August 2020 – by 1Rebel


The Killing of George Floyd on 25 May 2020, ignited a fire that thrust race, bias, privilege and prejudice into public consciousness and discourse like never before. For many this opened up uncomfortable, but vital, topics and conversations that challenged their beliefs, understanding and world view. For others, it created defensiveness and denial.

In the UK there is a sense of detachment to the subject of Racism, for many it is viewed as an American problem; “that” doesn’t happen here or “it’s all in the past”. It is all too easy to dismiss and condemn the actions in America without turning the lens back on ourselves.

So, is there a problem here in the UK – is the UK Racist to some degree? One way to approach the question is with data, so let’s look at a couple of areas. The below taken from the Government Ethnicity Facts & Figures website.


According to the 2011 Census, the total population of England and Wales was 56.1 million, and 86% of the population was White.

Within the remaining 14%, people from Asian ethnic groups made up the second largest percentage of the population (at 7.5%), followed by Black ethnic groups (at 3.4%), Mixed/Multiple ethnic groups (at 2.2%) and Other ethnic groups (at 1.0%). Remember this as we delve into the figures below.



If we look at who has been impacted by crime, it’s very similar figures across the board. 2018/19 figures show that the following percentage of people over the age of 16 reported being a victim of crime:

White – 15%

Black – 16%

Asian – 15%

Mixed Ethnicity – 19%



Between April 2018 and March 2019, there were 4 stop & searches for every 1,000 White people, compared with 38 for every 1,000 Black people.

In London, Black people were 12 times more likely to be stopped, compared with four times the previous year. Combined figures for England and Wales show black people were 40 times more likely to be stopped, up from 14 times in 2017.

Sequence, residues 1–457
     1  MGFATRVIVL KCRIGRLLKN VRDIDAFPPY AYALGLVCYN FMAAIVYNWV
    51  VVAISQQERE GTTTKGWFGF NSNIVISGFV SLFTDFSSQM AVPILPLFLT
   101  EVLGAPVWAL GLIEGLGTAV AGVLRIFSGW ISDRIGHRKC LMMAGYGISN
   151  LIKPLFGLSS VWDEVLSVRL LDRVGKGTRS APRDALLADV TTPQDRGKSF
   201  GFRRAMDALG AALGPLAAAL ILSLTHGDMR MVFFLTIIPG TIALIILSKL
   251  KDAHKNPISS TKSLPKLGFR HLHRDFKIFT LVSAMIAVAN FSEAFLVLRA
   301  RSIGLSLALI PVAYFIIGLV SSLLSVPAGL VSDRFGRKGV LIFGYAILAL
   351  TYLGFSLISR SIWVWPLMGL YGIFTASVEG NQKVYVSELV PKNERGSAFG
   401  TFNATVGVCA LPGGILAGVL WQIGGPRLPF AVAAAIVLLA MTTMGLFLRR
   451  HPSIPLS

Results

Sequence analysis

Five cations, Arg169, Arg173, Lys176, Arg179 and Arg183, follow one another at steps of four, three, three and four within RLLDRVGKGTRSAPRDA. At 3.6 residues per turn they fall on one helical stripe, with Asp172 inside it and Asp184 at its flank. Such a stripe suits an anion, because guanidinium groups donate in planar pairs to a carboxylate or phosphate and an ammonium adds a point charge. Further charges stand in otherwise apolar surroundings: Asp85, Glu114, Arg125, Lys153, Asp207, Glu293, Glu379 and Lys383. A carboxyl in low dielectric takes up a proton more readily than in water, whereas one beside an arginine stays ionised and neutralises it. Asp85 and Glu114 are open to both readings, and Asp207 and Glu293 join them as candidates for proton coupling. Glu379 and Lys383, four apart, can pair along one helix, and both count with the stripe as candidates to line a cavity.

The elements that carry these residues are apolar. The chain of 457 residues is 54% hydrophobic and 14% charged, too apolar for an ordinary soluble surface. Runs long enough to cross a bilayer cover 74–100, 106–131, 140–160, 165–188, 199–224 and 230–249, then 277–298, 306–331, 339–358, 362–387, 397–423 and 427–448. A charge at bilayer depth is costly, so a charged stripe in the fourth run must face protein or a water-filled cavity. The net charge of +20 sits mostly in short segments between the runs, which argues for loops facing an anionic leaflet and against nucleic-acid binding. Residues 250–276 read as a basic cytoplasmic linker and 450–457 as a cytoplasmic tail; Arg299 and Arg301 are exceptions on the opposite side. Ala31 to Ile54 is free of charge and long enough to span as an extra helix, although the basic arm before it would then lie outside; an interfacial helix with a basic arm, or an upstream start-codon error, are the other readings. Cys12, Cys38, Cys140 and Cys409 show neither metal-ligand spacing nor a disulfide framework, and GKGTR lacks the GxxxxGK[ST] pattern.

When the ethnic make up of the city is calculated, it means a Black person was 11.8 times more likely to be targeted.

Even more alarming is that young Black men were stopped and searched by police more than 20,000 times in London during lockdown, the equivalent of more than a quarter of all black 15-24 year olds in the capital.

The figures show that only 21% of stops led to arrests, fines, drugs warnings or cautions.



Black people are over 3 times as likely to be arrested as White people, while Black women were more than twice as likely to be arrested as White women.

Although more likely to be arrested, a recent report suggests BAME groups are less likely to commit crime.



Nearly 50% of inmates in prisons for young people in England and Wales are Black, Asian and Minority Ethnic Background.

In adult prison, this figure stands at 12% for England + Wales. Remember people racialised as Black only make up only 3.4% of population though.

The ‘custody rate’ is the percentage of offenders given an immediate custodial sentence, out of all offenders being sentenced in court for indictable offences. This data shows that:

Among juveniles, Black offenders had the highest custody rate, at 13.7%, compared with 9.9% for White and 10.3% for Asian juvenile offenders.

Black young males were just less than 60% more likely than White young males to be committed to the Crown Court for trial.

For adult males, this disproportionality was consistent across ethnic groups. For example, Black (40% more likely), Asian (62%), Mixed Ethnic (29%) and Other Ethnic (39%) men were more likely to be committed to the Crown Court for trial compared to white men.

Black (63% more likely), Mixed ethnic (36%) and Other Ethnic (54%) women were more likely to be committed to the Crown Court compared to white women. Strikingly, Asian women were greater than two times more likely to be committed to the Crown Court for trial relative to white women.

Black people are also more than twice as likely to die in police custody. According to the charity INQUEST, since 1990, more than 1,700 people have died in state custody; a disproportionate number of those people – 10% – were Black. In none of those cases has there been a single, successful prosecution for either murder or manslaughter against a police officer (or other State agent).

In Scotland, the family of Sheku Bayoh, a Fife resident who died in police custody in 2015, are still awaiting justice.